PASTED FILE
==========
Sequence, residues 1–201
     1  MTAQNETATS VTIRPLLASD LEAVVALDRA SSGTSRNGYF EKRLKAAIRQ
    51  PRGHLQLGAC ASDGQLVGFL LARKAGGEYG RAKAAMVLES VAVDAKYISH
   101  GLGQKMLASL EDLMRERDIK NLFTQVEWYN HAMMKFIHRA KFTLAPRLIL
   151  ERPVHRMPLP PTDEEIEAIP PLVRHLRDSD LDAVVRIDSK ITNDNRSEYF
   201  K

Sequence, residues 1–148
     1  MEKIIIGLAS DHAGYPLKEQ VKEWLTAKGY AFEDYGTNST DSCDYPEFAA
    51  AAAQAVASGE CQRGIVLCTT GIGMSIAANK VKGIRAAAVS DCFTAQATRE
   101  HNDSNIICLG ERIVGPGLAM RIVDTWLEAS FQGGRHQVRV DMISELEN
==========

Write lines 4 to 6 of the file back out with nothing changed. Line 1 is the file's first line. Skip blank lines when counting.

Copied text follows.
   101  GLGQKMLASL EDLMRERDIK NLFTQVEWYN HAMMKFIHRA KFTLAPRLIL
   151  ERPVHRMPLP PTDEEIEAIP PLVRHLRDSD LDAVVRIDSK ITNDNRSEYF
   201  K